W3C home > Mailing lists > Public > public-webpayments@w3.org > June 2014

New Member Intro - Adrian Hope-Bailie

From: Adrian Hope-Bailie <adrian@hopebailie.com>
Date: Wed, 11 Jun 2014 23:32:54 +0200
Message-ID: <CA+eFz_LK2c-UGCoZHgsFQLSVs4dccvjM3jzzyFkrCFm2ZQX5yg@mail.gmail.com>
To: public-webpayments@w3.org
Hi all,

I am very sorry to have only stumbled upon this group and the work you are
doing now.
I would have liked to be part of the working group in March.

I remember reading up on PaySwarm and OpenTransact about 2 years ago but
didn't have the opportunity at the time to follow the progress of your work

I am in the process of catching up, many conference call minutes and slide
decks to get through but I think am getting the gist of things.

*A little about me*

I started my career focused mostly on web technology as developer and
architect. In 2008 I joined dotMobi and had some interactions with the W3C
during my time there.

In 2009 I returned to my home country South African and have been involved
in the payments industry since working for a payments software vendor (S1
now ACI Worldwide), a processor and now a payments services company.

About 6 months ago I started my current role which has allowed me the
freedom to explore ideas around payments standards and the Web.


In that time I have been working on what I called the OpenPayee standard,
blissfully unaware of how close much of your work was to what I was working

I started capturing some of my ideas at http://openpayee.org a few weeks

Based on what I have gathered so far the standards you are developing
address a more vast set of functions than OpenPayee however I believe
OpenPayee still may have a place within this set of standards.

My approach has been slightly different to yours, I think.

Fundamentally I have tried to steer away from the challenges of identity
and privacy of the payer by moving control of the transaction to the payer
and his/her agent/authority and only requiring the payee to provide some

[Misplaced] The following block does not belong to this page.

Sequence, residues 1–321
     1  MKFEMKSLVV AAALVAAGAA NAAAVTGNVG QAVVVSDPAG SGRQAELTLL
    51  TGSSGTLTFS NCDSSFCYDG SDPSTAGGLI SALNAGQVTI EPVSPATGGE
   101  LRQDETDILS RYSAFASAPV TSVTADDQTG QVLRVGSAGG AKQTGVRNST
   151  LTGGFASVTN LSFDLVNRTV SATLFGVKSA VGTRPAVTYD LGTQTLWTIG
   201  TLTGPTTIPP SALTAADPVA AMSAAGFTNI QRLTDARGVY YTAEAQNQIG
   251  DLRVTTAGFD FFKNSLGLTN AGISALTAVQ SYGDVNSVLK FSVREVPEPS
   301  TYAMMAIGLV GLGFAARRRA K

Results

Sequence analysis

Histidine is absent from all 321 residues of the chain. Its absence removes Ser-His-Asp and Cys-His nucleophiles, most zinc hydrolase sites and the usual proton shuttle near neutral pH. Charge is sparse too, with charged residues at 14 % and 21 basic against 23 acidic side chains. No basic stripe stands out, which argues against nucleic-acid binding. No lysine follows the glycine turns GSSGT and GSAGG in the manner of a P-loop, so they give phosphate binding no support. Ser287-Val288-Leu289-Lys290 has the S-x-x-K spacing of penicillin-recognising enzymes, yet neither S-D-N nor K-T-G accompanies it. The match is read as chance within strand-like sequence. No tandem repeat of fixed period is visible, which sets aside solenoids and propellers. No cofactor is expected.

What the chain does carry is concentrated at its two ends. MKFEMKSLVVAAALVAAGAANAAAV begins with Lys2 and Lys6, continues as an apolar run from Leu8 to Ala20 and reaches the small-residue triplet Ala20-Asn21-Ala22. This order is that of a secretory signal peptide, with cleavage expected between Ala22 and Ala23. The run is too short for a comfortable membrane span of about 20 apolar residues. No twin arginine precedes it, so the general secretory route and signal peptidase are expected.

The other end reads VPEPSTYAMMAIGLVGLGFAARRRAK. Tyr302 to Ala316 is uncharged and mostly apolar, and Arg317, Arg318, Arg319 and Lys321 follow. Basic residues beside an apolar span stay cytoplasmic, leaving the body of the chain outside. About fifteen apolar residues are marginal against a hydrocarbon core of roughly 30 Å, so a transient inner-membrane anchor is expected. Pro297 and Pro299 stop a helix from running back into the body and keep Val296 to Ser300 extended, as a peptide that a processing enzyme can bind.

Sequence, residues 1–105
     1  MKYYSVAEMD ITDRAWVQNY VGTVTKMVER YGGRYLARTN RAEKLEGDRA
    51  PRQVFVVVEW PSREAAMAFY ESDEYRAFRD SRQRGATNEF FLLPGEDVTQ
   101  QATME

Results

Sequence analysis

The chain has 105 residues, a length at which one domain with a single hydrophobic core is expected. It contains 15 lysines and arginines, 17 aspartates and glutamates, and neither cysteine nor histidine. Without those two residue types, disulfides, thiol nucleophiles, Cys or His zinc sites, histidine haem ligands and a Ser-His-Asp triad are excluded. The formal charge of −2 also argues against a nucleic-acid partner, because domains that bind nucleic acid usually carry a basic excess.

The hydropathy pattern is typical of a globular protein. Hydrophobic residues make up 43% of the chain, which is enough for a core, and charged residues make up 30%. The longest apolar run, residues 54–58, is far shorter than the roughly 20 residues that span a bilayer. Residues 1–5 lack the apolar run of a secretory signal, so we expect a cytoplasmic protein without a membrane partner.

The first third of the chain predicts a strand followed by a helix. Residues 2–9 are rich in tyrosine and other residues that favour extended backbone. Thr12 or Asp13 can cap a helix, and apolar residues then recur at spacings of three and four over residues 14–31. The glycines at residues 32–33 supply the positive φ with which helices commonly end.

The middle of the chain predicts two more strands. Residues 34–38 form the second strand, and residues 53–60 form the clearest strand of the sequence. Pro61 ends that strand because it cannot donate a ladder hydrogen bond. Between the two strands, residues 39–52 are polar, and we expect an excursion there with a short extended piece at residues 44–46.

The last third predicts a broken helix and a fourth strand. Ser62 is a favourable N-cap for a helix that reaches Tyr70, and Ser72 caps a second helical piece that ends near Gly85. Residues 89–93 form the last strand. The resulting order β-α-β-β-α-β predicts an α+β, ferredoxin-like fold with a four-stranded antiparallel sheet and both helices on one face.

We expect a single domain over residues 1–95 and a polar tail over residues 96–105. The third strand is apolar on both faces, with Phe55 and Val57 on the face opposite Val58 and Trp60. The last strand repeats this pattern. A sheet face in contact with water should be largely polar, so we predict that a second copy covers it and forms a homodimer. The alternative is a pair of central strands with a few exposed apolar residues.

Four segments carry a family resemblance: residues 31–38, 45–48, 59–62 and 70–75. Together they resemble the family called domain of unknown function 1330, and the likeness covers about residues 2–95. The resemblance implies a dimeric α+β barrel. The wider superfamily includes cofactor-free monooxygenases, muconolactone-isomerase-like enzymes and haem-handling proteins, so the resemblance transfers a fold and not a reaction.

form of identifier and possibly some transaction meta-data.

Using OpenID Connect the payer discovers sufficient information (usually
non-sensitive) about the payee to request a digital invoice, make the
payment and then request a digital receipt. (If someone can direct me to an
explanation of why you believe Open ID Connect is unsuitable as a federated
identity standard, I'd appreciate it).

Key points:

   - In most cases the executing of the OpenID Connect protocol will be
   done by the payer's agent/authority (wallet provider/bank). The transaction
   on his/her smart-phone or web browser by simply processing the payee's
   OpenID identifier. A message must then get to the payer's agent/authority
   that the payer wishes to make a payment to the designated payee. Usually
   this would be done by redirecting the payer's browser to the
   agent/authority's website or launching their app. (Custom URI scheme would
   be ideal but RDF would be sufficient if browsers knew how to handle the
   link type).
   - Once the payer's agent/authority receives the initiation they can
   perform complex discovery and negotiation with the payee or payee's
   agent/authority to decide on the payment method, amount etc. The payer is
   prompted to confirm the terms once a signed digital invoice is presented to
   the payer.
   - The payer's authority then executes the payment via whatever channel
   was agreed. The key here is that this could be some legacy payment channel
   such as a card network or something new like Ripple or Bitcoin. As long as
   the payer and payee both support the channel it's an option.
   - Once the payment is complete the payer agent/authority gets a signed
   digital receipt from the payee or their agent/authority and this is used as
   proof of payment. (It is signed by an entity that the payee trusts)
   - As you will see from some of the use cases this is targeted at non-web
   payments (and even offline payees) too.
   - The standard I am proposing doesn't predicate that the status quo in
   the payments ecosystem changes radically. Where a vendor takes card
   payments via a gateway today, the gateway could simply issue the vendor an
   OpenPayee identifier to use on their website. Customers with OpenPayee
   compatible user-agents would recognise the OpenPayee identifier in the HTML
   of the checkout page or in a link ref on the page and initiate their
   payment via OpenPayee instead of clicking the "Checkout" button. The result
   would be that the payer's agent/auth that has their credit card details on
   record can submit these directly to the gateway and get a signed digital
   receipt from the gateway as proof of payment.

A few things:

   1. I haven't had the chance to capture everything on the website but I
   am working on it. Comments on what is there so far would be much
   appreciated and I will notify this list if I make updates or follow
   2. If you believe there is merit to the standard and would like to
   incorporate it into your work I am happy for that to happen just let me
   know how I can help.
   3. I have a day-job. As much as I would love to spend all of my time on
   this I run a fairly new business unit in a small company so my time is
   quite precious. I dedicate as much time as I can to this but if someone has
   pointers to save me some time or can assist that would be great.

Looking forward to becoming a very active member of the group.

Received on Thursday, 12 June 2014 09:30:24 UTC

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